A recent report by the United Nations Programme on HIV states that new infections of HIV fell one third globally between 2001 and 2012. This means that there is considerable success in the effort to fight one of the world’s deadliest infectious diseases.
The key findings of the report which gathered data from 171 of the 193 member UN members are as follows:
- There were 2.3 million new HIV infections worldwide, down from 2.5 million in 2011 and down 33% from the 3.4 million in 2001.
- The drop in new infections was observed in both adults and children but was more marked in children — 260 000 in 2012, down 52% from the 550,000 in 2001.
- The number of AIDS-related deaths was 1.6 million in 2012, down slightly from 1.7 million in 2011 and from the 2005 peak of 2.3 million.
- Tuberculosis-related deaths in people living with HIV have fallen by 36% since 2004, although TB still remains the leading killer of people with HIV.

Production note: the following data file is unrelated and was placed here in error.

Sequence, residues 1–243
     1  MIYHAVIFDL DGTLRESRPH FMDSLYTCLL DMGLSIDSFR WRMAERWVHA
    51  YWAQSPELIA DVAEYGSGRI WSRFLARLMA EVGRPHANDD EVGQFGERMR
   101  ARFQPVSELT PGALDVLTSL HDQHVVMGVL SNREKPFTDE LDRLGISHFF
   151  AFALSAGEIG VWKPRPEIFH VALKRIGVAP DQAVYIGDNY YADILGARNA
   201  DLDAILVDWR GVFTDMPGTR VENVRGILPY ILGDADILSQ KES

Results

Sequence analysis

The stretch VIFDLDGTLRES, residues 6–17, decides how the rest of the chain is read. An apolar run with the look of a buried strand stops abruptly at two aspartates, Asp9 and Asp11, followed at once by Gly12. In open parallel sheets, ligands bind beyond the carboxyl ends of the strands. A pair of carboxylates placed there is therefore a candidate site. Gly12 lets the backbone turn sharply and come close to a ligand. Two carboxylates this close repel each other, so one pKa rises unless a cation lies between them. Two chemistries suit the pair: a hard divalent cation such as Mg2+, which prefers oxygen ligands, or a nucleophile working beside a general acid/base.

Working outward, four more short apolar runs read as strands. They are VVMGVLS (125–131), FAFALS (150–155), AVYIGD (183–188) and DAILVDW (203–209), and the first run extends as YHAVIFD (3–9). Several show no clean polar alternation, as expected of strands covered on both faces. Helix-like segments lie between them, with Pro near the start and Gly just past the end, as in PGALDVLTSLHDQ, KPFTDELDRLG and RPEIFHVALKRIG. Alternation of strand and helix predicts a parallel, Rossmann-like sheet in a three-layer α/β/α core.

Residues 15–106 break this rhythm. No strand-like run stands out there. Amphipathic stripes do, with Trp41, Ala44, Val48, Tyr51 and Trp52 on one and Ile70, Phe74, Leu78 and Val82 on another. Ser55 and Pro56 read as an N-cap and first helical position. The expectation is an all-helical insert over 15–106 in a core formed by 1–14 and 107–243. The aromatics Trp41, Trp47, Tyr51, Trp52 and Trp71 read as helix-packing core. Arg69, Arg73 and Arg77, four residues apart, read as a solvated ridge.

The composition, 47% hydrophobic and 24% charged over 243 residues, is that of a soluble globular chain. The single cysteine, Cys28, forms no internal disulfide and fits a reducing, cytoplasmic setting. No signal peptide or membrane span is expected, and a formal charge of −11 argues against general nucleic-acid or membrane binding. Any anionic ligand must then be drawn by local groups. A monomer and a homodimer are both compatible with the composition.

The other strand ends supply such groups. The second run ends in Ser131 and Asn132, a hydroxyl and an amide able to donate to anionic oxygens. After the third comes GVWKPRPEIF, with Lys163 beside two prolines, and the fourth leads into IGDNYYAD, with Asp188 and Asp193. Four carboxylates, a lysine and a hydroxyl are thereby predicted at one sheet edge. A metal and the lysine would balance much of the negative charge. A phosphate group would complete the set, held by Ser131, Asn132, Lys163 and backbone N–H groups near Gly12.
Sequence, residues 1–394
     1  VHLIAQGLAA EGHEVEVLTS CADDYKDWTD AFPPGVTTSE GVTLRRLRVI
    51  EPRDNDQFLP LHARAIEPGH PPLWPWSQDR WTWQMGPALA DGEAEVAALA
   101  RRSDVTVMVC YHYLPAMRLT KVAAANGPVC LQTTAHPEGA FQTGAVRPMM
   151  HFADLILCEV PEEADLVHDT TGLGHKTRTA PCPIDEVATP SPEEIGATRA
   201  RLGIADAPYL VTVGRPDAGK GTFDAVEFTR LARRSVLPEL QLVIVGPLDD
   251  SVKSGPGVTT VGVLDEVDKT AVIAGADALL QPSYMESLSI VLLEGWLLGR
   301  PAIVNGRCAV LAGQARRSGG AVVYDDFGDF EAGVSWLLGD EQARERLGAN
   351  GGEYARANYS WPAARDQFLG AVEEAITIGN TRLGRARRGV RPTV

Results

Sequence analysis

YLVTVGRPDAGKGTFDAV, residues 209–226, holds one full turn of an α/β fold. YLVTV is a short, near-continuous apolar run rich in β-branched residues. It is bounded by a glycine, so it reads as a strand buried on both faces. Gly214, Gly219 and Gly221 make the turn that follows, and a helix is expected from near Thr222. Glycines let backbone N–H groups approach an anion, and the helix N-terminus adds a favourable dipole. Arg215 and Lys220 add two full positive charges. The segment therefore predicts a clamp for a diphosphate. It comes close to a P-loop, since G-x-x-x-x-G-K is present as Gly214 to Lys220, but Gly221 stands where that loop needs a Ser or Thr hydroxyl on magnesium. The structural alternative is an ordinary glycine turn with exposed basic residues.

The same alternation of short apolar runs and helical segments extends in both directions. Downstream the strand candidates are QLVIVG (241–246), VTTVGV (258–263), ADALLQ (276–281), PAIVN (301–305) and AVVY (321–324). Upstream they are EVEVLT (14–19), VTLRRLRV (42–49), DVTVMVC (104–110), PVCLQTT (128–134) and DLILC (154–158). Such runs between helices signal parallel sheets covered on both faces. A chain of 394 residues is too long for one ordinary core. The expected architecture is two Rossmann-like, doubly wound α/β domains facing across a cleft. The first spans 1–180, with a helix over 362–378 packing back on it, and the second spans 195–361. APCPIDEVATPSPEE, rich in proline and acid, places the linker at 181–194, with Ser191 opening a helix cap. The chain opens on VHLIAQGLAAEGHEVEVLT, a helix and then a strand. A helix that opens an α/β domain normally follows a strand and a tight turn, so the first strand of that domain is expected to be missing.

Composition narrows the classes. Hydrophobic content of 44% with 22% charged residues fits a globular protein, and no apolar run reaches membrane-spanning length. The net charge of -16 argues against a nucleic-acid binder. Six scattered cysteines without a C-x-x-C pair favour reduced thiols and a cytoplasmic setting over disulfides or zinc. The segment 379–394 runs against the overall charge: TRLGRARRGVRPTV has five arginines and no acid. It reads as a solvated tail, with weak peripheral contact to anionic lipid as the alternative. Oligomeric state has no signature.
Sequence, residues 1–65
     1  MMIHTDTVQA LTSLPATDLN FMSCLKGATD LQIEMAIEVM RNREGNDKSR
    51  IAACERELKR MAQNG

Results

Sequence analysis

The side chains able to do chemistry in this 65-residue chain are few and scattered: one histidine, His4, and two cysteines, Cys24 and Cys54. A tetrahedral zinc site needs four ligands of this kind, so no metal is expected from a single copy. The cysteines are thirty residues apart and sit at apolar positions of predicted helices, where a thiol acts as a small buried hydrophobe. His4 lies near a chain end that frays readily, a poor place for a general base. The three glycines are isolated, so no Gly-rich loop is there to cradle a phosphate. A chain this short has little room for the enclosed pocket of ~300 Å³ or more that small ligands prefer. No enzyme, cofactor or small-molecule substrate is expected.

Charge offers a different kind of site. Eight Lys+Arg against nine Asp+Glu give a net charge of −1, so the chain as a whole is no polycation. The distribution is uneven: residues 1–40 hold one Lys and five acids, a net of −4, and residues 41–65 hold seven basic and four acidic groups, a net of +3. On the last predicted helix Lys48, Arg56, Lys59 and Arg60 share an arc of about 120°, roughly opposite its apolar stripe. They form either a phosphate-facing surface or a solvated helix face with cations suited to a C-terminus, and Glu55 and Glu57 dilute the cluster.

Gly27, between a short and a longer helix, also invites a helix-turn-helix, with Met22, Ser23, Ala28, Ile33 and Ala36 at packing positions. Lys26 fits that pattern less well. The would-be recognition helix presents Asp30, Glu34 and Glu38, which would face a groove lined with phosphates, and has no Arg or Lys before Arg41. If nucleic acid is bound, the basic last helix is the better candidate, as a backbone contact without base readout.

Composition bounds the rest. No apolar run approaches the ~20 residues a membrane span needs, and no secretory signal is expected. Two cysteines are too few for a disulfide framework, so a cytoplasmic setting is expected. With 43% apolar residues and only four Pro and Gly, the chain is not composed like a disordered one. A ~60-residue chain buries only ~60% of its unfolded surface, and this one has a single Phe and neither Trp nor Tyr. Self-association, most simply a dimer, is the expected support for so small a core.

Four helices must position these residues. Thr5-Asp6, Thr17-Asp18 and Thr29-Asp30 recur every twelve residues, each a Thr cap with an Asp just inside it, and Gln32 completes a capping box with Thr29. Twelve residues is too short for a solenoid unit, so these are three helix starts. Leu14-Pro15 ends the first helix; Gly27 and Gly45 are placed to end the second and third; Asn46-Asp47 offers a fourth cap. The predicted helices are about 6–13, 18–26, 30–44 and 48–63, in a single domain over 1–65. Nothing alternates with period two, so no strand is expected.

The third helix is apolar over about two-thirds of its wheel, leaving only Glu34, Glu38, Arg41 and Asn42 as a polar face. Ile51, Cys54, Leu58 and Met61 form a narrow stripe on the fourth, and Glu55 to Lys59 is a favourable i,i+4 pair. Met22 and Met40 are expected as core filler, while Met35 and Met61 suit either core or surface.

There were 35.3 million people living with HIV last year among which 1.6 million have died. Since the pandemic started an estimated 35 million people have already died from the disease.
Michel Sidibe, UNAIDS’s executive director, said in the report that “Today we have the tools we need to lay the groundwork to end the AIDS epidemic. However in several countries that have experienced significant declines in new HIV infections, disturbing signs have emerged of increases in sexual risk behaviors among young people.”
The 2015 UN development goals aims for a 50% reduction in sexual and drug-related HIV transmission, eliminating new HIV infections among children, reaching 15 million people with HIV treatment, and mobilizing $22 billion to $24 billion a year for HIV programs.
The report however says that there is no evidence to suggest that new HIV infections among injection drug users are declining. This means that the target of reaching the 50% reduction has not been met.